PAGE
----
The effort was a collaboration between Physicians for a National Health Program, a group of doctors that advocates for Medicare for All, elected officials, community members, patients and advocacy groups…
In 2021 Georgians for a Healthy Future launched a project to raise awareness about the health harms of laws that stop, limit, or discourage local policy-making by communities about their health and well-being. . With support from Voices for Healthy Kids, GHF has spread the word that public health is local.
When state or federal laws limit what laws or policies can be adopted by a local city or county, it’s called “preemption.” Check out our new video about preemption and public health here! While it’s not always the case, preemption can be a sneaky way to stifle local efforts to build healthier communities. It can strip local officials of their powers to meaningfully govern in the best interest of their constituents.
Why does preemption matter for public health?
Communities in Georgia may want to promote public health with policies like these but preemptions in Georgia law stand in the way:
- Adding a local sales tax to smoking and vaping products to prevent youth ;
- Requiring COVID-19 vaccination or proof of negative COVID status before entering public buildings or taking part in public programs;
- Requiring businesses to provide paid family leave;, and
- Raising the minimum wage for local workers.
Public health is crucial to promoting and protecting Georgians’ health and the health of our communities where we live, work, and play. Public health workers, agencies, and laws make it possible to track disease outbreaks, safely drink water from our faucets and eat at restaurants, help community residents learn healthy behaviors, and understand why some of us are more likely to experience poor health than others. It requires in-depth knowledge of the community and the ability to act locally in ways that are tailored to the needs and preferences of the residents.
When the state or federal government preempts (stops) a community from making these local public health decisions, it can disrupt preparedness for future emergencies, worsen existing health gaps, and slow the spread of new or evidence-based policies.
For example, it is well documented that higher smoking and vaping taxes reduce rates of smoking and vaping, especially among young people and people with low-incomes. When local Georgia communities decide they want to prevent the adverse health effects of smoking and vaping among their middle and high school students, they can’t add a local tax to these harmful products. Georgia law hand-cuffs them from using one of the most effective anti-smoking and vaping policies to address their local needs. The inability to address this problem perpetuates higher smoking rates and worse health outcomes for some groups of people (particularly American Indians in Georgia).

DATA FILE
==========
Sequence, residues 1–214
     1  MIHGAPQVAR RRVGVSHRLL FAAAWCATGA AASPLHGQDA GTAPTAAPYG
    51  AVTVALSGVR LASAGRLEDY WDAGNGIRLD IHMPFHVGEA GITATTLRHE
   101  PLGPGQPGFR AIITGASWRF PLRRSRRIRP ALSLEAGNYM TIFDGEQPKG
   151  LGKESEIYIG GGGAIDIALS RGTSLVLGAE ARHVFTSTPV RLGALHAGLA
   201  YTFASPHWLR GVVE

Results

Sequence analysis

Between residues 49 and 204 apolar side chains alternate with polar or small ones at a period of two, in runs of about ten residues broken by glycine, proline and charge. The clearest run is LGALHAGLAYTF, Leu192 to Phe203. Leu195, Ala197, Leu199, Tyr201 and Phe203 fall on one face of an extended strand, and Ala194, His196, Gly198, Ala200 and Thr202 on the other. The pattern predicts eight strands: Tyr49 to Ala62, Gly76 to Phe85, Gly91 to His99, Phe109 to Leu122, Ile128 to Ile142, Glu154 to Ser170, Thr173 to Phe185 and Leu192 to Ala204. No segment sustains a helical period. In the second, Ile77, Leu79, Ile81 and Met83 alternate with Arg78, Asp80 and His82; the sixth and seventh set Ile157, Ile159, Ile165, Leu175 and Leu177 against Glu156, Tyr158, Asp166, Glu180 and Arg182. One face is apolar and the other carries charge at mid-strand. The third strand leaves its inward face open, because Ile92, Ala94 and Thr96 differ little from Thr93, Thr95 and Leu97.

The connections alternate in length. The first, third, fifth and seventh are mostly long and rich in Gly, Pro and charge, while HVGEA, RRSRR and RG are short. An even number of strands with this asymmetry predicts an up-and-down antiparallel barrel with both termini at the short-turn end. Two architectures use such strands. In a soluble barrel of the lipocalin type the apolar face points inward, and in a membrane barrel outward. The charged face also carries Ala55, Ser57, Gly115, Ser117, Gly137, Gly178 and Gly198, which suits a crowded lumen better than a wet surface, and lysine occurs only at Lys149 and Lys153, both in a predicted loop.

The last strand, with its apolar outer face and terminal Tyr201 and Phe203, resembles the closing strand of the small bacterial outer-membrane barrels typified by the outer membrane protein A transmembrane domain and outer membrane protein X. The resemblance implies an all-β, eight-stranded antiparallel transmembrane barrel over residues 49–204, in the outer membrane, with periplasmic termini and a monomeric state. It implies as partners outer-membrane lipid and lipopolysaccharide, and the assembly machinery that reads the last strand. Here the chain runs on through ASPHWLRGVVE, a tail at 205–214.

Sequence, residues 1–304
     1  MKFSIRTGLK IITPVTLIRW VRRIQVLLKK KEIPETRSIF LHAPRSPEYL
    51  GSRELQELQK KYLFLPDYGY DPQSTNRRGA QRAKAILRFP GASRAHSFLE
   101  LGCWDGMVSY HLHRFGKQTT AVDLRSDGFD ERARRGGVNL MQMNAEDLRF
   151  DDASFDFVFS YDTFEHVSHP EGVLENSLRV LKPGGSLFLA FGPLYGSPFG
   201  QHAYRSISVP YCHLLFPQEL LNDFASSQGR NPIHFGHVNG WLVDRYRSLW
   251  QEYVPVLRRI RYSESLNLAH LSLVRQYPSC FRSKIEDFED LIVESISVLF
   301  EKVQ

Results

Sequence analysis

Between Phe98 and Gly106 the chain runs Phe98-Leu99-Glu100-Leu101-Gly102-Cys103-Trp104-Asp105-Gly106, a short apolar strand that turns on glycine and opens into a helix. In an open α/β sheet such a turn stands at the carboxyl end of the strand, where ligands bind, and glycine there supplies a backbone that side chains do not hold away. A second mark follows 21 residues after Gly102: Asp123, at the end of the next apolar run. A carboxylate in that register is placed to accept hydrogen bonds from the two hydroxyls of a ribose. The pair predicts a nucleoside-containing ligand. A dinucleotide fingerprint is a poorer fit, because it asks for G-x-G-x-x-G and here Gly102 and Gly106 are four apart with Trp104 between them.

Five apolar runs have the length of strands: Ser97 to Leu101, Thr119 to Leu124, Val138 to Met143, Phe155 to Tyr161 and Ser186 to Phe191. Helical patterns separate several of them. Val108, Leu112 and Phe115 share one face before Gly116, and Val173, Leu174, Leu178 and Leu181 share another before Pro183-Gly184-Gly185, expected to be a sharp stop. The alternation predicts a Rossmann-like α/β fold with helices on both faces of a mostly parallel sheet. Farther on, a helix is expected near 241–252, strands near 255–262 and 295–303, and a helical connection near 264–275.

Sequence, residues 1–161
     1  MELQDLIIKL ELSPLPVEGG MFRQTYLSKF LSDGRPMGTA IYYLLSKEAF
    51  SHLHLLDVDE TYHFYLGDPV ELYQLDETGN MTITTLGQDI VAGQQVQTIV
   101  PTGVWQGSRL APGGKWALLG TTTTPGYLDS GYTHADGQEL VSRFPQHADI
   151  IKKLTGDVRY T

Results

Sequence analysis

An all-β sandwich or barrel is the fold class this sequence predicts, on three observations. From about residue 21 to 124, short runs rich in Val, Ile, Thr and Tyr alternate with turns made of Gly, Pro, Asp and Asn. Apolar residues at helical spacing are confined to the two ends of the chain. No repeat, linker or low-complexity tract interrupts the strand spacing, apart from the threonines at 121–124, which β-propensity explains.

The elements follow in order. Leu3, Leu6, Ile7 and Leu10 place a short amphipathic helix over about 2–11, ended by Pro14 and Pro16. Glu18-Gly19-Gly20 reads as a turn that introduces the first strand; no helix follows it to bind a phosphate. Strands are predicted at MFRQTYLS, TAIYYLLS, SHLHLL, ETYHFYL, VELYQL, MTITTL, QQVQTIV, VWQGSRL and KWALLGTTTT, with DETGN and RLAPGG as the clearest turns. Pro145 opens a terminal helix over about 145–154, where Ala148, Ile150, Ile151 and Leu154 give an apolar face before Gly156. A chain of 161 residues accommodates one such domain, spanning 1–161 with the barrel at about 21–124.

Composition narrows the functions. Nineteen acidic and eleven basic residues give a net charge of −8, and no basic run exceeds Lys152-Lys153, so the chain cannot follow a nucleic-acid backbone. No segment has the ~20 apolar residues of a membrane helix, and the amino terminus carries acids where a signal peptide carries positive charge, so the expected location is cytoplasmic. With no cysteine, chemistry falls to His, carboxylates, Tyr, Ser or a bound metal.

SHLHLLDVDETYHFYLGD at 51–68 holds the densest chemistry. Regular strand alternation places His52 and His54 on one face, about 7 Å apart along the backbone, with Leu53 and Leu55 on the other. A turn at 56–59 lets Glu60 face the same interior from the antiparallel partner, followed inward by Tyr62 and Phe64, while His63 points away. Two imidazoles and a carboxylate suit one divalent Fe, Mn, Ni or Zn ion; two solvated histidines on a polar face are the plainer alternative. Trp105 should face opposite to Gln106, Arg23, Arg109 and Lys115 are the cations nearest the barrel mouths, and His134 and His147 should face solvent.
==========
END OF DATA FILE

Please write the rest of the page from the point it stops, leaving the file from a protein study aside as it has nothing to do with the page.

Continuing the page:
Public Health is Local trainings: Savannah and statewide
As part of this project, GHF hosted two Public Health is Local trainings for Georgians. Step Up Savannah and Healthy Savannah co-hosted one of the trainings with GHF. The event helped coastal Georgians learn more about preemptive policies (including some that are most relevant for that region of the state) and how they can take action to protect the public health of their communities.
You can view the virtual conversation HERE.
Preemption removes opportunities for effective, local public health action. Instead, state and federal laws should aim to set up frameworks that allow communities who know what will work best for their residents to try new and evidence-based policies.
One of the best ways to prevent state leaders from blocking local policy solutions is to recognize what preemption looks like and to speak up in support of public health in Georgia. Help keep public health local by:
- Sign the Say Yes for Public Health petition to show your support for public health in Georgia!
- Watch and share this new video from GHF!
- Check out GHF’s weekly legislative update emails or our legislation tracker for bills that prohibit local governments from taking effective public health action. (SB 1 is an example that is currently being considered by the Georgia legislature.) Then contact your legislators to let them know that public health is local!
If you are interested in partnering with Georgians for a Healthy Future to strengthen public health in Georgia, please contact Knetta Adkins (firstname.lastname@example.org) for more information.